When preparing a steak crust, you should always consider the cut of beef you're using. It's important to choose a cut with the right fat and lean meat. You may also want to make the steak as thin as possible to reduce the risk of it being overcooked.

Advertisement
Continue Reading

Cooking Tips

Hawaiian Steak Recipe and Houston’s Hawaiian Ribeye Recipe

Published

on

Hawaiian Steak Recipe and Houston's Hawaiian Ribeye Recipe

Hawaiian steaks are made with tender slices of beef, juicy pineapple, and sweet mini peppers. These ingredients are marinated and grilled until tender. Hawaiian steaks can be served with potatoes, fresh vegetables, and a simple salad. If you're looking for a fast and easy dinner idea, Hawaiian steak kabobs are a great option.

To make Hawaiian steaks, you'll need Hawaiian seasoning salt. This seasoning mix contains ‘alaea salt, garlic, onion, and ginger powder. It's best if you apply the seasoning mix to the steaks at least 20 minutes before grilling. You can use Hawaiian seasoning salt for steaks, chicken, fish, and vegetables. Just remember to apply it liberally.

Hawaiian steaks can be cooked using a grill or on a barbecue grill. This method results in a juicy center and charred edges. The meat is best grilled in Hawai'i. Once you've cooked the beef, it can be stored in an airtight container for three to four days.

To prepare Hawaiian steaks, start by marinating the steak. You can use soy sauce, pineapple juice, apple cider vinegar, and garlic. Then, pour the marinade over the steaks and let them marinate for at least a day. You can also make the compound butter ahead of time and use it to cook the steaks.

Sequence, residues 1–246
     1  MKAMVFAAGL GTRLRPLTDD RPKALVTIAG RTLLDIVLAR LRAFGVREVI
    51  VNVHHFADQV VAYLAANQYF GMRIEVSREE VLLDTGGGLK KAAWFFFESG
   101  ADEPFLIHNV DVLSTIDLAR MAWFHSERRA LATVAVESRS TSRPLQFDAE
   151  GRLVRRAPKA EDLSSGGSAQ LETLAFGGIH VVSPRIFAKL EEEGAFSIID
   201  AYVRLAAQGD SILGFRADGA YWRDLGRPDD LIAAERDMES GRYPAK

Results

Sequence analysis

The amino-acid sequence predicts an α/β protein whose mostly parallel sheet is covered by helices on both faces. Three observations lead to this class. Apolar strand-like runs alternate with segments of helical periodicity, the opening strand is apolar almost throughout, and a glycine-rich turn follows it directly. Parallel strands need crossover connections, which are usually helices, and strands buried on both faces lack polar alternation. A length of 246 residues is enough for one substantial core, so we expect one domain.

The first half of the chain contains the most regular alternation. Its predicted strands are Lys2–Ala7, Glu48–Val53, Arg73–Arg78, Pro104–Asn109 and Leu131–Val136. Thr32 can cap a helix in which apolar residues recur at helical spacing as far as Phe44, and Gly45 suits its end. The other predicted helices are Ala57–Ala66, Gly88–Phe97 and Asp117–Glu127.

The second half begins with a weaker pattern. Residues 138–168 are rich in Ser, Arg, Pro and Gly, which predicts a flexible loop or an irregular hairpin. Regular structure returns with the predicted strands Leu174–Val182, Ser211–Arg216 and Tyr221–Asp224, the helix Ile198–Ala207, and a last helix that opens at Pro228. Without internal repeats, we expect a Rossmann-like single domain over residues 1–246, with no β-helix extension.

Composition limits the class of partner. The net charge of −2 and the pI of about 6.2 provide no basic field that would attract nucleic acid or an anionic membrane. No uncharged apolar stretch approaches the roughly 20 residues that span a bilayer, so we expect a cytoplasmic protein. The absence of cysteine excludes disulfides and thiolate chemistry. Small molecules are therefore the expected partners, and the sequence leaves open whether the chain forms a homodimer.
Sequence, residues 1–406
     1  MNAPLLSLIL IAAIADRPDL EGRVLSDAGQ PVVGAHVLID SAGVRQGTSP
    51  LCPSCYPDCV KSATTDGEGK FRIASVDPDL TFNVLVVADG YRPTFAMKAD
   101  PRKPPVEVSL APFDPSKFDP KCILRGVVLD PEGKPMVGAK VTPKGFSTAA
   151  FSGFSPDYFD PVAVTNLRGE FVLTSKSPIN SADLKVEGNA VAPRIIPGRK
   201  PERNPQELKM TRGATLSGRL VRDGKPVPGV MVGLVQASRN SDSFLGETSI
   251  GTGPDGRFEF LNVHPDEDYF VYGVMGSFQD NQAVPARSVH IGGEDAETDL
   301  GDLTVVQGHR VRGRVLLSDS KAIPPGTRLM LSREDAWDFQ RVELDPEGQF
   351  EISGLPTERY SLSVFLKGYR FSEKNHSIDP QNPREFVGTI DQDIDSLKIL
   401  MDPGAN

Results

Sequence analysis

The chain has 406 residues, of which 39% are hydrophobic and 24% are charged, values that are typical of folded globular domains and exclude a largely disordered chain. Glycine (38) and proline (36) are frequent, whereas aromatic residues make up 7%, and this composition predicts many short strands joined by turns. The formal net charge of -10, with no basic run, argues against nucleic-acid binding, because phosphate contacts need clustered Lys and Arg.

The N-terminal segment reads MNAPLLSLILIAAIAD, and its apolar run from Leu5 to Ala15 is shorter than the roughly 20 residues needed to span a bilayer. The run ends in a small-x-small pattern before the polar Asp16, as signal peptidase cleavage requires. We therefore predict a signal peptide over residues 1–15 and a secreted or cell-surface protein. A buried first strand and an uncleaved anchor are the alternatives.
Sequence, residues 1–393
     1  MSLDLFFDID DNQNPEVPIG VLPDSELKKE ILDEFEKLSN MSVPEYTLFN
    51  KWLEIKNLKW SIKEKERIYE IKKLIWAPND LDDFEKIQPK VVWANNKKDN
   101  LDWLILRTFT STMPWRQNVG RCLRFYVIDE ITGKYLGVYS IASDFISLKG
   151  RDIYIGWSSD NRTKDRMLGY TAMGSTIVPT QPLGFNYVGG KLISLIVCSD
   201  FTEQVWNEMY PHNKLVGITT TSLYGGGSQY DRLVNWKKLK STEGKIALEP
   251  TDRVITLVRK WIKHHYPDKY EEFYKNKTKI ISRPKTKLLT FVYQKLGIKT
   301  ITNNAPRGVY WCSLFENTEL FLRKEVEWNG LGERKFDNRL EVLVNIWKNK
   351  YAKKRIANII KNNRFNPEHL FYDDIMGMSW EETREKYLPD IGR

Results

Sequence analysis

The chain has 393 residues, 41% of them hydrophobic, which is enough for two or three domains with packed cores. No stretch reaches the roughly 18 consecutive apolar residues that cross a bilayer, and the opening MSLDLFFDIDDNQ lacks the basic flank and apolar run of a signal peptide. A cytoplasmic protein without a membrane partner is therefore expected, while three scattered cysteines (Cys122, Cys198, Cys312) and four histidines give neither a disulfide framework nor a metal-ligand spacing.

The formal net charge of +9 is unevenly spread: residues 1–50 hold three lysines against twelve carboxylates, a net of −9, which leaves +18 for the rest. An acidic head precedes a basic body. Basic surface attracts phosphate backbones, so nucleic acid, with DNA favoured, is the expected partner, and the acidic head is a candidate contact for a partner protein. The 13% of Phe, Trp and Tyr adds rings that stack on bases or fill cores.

Before grilling the steak, you should season it well on both sides. Heat a cast-iron pan on medium-high. Cook the steak for about two minutes on each side. Once finished, remove the steak from the grill and refrigerate it. Once the steak is cool, remove the excess fat.

To grill Hawaiian steaks, heat up a grill to medium-high or high. Grill the steaks until desired degrees of doneness are reached. The internal temperature of the steak should be 130F for rare steaks and 140F for medium-rare steaks. After the steaks are ready, you should transfer them to a cutting board and cover them with aluminum foil. Let them rest for 5 minutes before slicing.

The meat used in Hawaiian steaks is usually made from Spam, which is widely mocked on the mainland. It's also served with pineapple. Spam is eaten in about a third of U.S. households and was the winner of a state fair recipe contest. One Hawaiian state fair recipe even turned Spam into a nacho burger.

Did you miss our previous article…
http://amazinghamburger.com/cooking-tips/pork-chop-with-mushroom-sauce-for-pork/

Advertisement
Continue Reading

Tags

Advertisement
Advertisement
Advertisement

Facebook

Trending

%d bloggers like this: